Usually not recommended to tile over old mortar mainly because you can't be really sure how well the old mortar is adhered to the floor and it is possible to not achieve a great bond with the old mortar. If you feel good about it then go ahead and do it but remember it is your reputation on the line. Maybe it would turn out fine and maybe you would have issues with it down the road. I wouldn't want to chance it and would take it up with a scarifier or chisel on the end of my rotohammer.
 

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I would also encourage you to Continue to ask questions here. You have let folks know you are new to this. Some folk will rip you for "stupid" questions but that is how we all learn. I cannot tell you how important it is to READ about your Craft From the Right Sources...... Angus mentioned the Tile Counsel of North America hand book for Tile-setters. this is the Bible of our trade know it chapter and verse and it will help you.
1 you won't do sets you shouldn't with out proper wavers
2 you will know the "industry standard" for most situations.
3 you will be able to "defend" your methods when someone bitches
4 you will be able to educate your client (be they homeowner or general contractor) as to the best method.... and more importantly Why certain costly preparations must be in place BEFORE you can Tile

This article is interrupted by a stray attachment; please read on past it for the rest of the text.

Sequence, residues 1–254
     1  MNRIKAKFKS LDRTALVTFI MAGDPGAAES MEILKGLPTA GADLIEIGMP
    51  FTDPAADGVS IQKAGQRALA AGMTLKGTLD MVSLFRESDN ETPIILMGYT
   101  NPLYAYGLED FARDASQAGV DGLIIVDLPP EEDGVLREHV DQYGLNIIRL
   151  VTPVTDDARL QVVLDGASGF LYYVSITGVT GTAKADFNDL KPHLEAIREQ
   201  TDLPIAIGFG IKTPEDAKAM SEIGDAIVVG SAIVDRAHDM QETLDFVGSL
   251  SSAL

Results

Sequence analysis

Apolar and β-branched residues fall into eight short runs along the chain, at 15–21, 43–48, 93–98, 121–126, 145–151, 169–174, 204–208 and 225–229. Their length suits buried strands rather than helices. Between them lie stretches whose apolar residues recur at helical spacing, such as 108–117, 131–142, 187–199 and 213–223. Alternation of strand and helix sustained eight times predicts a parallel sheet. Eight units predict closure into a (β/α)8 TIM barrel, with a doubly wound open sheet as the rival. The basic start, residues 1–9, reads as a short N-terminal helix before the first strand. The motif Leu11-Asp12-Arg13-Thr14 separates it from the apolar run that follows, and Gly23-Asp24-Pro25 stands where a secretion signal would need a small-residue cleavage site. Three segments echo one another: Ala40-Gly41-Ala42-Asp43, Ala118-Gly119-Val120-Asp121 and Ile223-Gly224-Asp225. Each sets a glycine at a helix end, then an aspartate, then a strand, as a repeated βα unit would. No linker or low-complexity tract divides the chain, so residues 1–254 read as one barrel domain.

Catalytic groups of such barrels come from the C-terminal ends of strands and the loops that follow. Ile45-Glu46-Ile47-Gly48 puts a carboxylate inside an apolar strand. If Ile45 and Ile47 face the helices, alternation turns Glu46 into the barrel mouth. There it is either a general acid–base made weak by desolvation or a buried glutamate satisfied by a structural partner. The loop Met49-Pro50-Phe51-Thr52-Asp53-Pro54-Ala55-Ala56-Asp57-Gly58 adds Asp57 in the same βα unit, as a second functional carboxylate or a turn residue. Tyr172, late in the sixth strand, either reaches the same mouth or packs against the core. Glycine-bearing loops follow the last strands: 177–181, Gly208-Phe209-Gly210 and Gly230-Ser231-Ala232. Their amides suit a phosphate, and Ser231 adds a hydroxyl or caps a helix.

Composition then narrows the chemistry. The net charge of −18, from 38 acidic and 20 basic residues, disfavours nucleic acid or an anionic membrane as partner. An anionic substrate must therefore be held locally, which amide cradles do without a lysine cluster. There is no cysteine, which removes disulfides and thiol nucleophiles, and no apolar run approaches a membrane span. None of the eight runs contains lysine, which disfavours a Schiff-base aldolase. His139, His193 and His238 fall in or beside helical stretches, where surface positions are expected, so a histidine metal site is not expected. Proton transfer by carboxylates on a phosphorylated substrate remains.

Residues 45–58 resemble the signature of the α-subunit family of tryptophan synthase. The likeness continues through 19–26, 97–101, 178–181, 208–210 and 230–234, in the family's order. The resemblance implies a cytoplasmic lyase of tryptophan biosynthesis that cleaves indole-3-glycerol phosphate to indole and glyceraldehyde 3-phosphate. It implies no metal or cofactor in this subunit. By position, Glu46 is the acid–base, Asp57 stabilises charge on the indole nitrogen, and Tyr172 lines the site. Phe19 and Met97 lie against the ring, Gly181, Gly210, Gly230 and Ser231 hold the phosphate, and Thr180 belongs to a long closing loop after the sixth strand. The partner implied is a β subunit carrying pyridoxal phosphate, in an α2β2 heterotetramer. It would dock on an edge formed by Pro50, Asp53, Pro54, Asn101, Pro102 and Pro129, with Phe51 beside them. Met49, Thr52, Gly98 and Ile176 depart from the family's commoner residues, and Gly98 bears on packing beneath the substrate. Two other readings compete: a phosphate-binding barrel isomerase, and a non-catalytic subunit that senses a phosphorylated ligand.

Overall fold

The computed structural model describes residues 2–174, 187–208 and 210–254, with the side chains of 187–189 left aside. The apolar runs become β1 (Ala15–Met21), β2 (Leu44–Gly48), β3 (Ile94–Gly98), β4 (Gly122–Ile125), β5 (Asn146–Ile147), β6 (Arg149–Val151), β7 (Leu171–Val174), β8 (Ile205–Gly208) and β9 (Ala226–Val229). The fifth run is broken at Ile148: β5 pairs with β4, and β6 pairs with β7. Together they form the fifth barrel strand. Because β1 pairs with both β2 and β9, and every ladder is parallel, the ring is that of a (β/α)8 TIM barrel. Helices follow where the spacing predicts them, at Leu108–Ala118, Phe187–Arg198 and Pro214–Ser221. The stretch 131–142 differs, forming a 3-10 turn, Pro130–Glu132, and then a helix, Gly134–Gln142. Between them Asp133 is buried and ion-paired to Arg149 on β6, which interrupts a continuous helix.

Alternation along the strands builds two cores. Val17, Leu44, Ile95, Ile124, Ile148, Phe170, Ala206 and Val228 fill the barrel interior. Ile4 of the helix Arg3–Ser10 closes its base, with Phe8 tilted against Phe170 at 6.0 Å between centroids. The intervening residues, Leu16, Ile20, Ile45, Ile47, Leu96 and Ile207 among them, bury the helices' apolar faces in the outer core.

5 you will be seen by your peers and clients as a PROFESSIONAL and they will defer to your judgment in such matters.


As a remodeler there are several trades you must master in the same way as you become adept in more areas you become more valuable as a craftsman.

Good luck and be passionate about what you do.
Craig
 

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The process is called scarifying. You can rent large machines. I don't normally work with such big projects so I have this combo:



Works great AND keeps dust to a minimum! :thumbup:
Angus how do you like your Bosch?

I had a Flex and 2 or 3 years ago switched to Hilti DCG 500 with dust cover it total'd out to $330 and is convertible to a regular grinder.


I have often wondered about the Bosch.

I think the cleansweep vac with the new power management circuit is a great addition to an already good vac
I ended up saving a couple $$ and got an Attix 8 http://www.industrialvacs.com/Attix_8_AS_E_Super_Quiet_Wet_Dry_Vacuum_p/302000414.htm
Craig
 

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Angus how do you like your Bosch?
Well I did it kind of backwards. I got a great deal on a used Bosch vacuum so by default, I bought the Bosch grinder. I like it. Or I should say it doesn't suck. I don't really have anything to compare it to. My neighbor does epoxy garage floors and he owns 2 of them to grinder the crap off concrete floors. I figure with the abuse he puts his through, I should be fine for the limited times I need mine.

I like the convertible feature of yours. That would be nice to have 1 tool instead carrying around 2! :thumbup: